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a) How is an array type declaration new int[10][] evaluated? Is it evaluated

as (new int[10])[]

or as (new int[10][])

or …?

b) I’m not sure how to ask this: I know statement int[][] i = (new int[10])[] would give us compiler error. But assuming compiler wouldn’t report an error, what kind of array type would compiler create based on this statement?


I apologize for not being able to make my question more comprehensive. It’s one of those questions where something is bothering me and I’m not capable of crystallizing the question in my mind enough to make some sense of it. So I ask a half assed questions hoping that replies will help me with that. Anyways, it’s a pointless question but I would still like to explain what I’ve actually meant by it:

what prompted all of this was an article from MSDN where it said

Primary expressions are divided between array-creation-expressions and primary-no-array-creation-expressions. Treating array-creation-expression in this way, rather than listing it along with the other simple expression forms, enables the grammar to disallow potentially confusing code such as

object o = new int[3][1];

which would otherwise be interpreted as

object o = (new int[3])[1];

so that got me thinking that perhaps parenthesis around different parts of this array creation expression would give compiler different instructions on the type of array it should create.

Or to put it differently, I thought that perhaps compiler follows some build-in logic ( derived from some math field ) when interpreting array creation/initialization syntax. In other words, compiler didn’t build an array due to its developers giving it specific instruction such as “when you see words new and name of some type and two pairs of square brackets ([] []), then follow these step-by-step instructions , which will tell you in full details what to do", but instead developers just build in some math related logic and from that compiler was capable deriving an array by itself, without developers giving it step by step instructions.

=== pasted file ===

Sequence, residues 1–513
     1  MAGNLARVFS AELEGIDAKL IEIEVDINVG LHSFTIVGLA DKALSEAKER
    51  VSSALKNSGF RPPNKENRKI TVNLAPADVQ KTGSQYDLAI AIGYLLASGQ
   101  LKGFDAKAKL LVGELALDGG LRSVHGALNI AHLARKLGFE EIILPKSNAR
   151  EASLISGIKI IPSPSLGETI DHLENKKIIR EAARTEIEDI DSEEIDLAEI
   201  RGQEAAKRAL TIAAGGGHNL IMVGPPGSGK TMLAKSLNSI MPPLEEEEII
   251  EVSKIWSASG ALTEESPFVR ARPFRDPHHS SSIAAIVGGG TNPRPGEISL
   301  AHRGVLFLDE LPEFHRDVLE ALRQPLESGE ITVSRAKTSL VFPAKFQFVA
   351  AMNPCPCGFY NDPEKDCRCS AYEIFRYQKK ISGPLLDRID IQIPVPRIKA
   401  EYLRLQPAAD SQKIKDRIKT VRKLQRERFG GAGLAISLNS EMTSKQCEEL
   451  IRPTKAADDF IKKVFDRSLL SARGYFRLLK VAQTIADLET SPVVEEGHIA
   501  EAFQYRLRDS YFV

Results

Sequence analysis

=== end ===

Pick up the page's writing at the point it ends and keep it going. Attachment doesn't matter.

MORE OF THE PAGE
BTW – I do understand about jagged and rectangular arrays and how they are initialized etc ;)

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4 Answers

Here's my article on how this works and what the design considerations were. Hopefully that answers your questions.


To attempt your specific questions:

How is an array type declaration "new int[10][]" evaluated?

That's not a type declaration. "class C {}" is a type declaration because it declares a new type. What you've got is an object creation expression.

It's evaluated by creating a new array with ten elements. Each element is a variable that can contain a reference to an array of integers. Each of those variables is initialized to null.

Is it evaluated as (new int[10])[] or as (new int[10][])

I don't understand the question. The former is not legal, and the latter is just the expression again in parentheses. So I guess the answer is that it is evaluated like the latter, since the two are the same, but I cannot help but think I'm missing the point of the question.

But assuming compiler wouldn’t report an error, what kind of array type would compiler create based on this statement?

If bishops were not restricted to moving on the diagonal, how would the queen's gambit play out differently?

The question does not provide enough information to answer the question. You have to say what the new rule for bishops is, not just what restriction is lifted. What would the new rule for bishops be? Once we know the new rule, then we can analyze how the game changes.